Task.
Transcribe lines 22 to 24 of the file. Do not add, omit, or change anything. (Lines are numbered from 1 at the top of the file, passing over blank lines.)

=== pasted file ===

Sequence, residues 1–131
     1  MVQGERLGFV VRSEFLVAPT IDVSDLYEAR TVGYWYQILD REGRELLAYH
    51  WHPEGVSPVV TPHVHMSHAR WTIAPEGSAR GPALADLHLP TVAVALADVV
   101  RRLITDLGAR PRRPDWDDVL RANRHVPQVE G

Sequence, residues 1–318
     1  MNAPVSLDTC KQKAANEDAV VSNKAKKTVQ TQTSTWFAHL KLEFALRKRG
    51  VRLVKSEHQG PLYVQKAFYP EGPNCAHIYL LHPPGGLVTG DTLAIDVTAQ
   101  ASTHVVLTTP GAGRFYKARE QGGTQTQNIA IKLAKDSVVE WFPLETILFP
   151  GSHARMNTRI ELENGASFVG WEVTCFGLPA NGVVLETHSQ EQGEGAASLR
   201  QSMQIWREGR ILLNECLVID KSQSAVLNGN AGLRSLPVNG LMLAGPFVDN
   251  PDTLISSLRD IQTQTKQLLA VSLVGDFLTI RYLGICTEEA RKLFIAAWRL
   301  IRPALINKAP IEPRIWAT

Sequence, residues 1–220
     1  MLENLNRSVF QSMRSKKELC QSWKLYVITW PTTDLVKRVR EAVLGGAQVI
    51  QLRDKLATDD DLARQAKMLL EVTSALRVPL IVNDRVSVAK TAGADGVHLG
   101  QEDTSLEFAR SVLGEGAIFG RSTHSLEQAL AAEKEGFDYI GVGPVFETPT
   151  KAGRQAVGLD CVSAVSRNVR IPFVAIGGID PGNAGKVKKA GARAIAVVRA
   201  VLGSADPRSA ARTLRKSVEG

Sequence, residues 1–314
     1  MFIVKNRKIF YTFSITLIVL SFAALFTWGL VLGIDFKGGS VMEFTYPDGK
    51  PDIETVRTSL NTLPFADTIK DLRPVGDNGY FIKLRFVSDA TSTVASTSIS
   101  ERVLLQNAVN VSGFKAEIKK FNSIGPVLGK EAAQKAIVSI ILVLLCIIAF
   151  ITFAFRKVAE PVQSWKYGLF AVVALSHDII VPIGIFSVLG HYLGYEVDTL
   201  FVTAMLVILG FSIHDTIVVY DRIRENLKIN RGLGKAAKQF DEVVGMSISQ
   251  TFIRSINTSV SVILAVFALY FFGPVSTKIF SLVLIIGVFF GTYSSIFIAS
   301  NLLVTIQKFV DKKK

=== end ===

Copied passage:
   101  ERVLLQNAVN VSGFKAEIKK FNSIGPVLGK EAAQKAIVSI ILVLLCIIAF
   151  ITFAFRKVAE PVQSWKYGLF AVVALSHDII VPIGIFSVLG HYLGYEVDTL
   201  FVTAMLVILG FSIHDTIVVY DRIRENLKIN RGLGKAAKQF DEVVGMSISQ